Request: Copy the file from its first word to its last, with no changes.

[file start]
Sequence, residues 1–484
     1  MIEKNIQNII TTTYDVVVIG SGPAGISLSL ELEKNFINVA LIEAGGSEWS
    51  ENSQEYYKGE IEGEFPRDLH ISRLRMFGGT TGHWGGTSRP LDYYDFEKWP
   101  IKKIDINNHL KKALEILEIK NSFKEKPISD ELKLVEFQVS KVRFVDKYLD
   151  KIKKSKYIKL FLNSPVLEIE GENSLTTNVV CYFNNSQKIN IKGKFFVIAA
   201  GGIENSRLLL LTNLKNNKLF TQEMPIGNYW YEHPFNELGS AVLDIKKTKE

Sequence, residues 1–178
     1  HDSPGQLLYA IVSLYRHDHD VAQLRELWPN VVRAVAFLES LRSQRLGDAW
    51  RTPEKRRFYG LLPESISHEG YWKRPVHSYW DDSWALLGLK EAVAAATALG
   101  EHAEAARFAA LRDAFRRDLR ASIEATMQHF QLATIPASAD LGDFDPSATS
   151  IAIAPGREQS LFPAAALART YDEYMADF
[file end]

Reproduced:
Sequence, residues 1–484
     1  MIEKNIQNII TTTYDVVVIG SGPAGISLSL ELEKNFINVA LIEAGGSEWS
    51  ENSQEYYKGE IEGEFPRDLH ISRLRMFGGT TGHWGGTSRP LDYYDFEKWP
   101  IKKIDINNHL KKALEILEIK NSFKEKPISD ELKLVEFQVS KVRFVDKYLD
   151  KIKKSKYIKL FLNSPVLEIE GENSLTTNVV CYFNNSQKIN IKGKFFVIAA
   201  GGIENSRLLL LTNLKNNKLF TQEMPIGNYW YEHPFNELGS AVLDIKKTKE

Sequence, residues 1–178
     1  HDSPGQLLYA IVSLYRHDHD VAQLRELWPN VVRAVAFLES LRSQRLGDAW
    51  RTPEKRRFYG LLPESISHEG YWKRPVHSYW DDSWALLGLK EAVAAATALG
   101  EHAEAARFAA LRDAFRRDLR ASIEATMQHF QLATIPASAD LGDFDPSATS
   151  IAIAPGREQS LFPAAALART YDEYMADF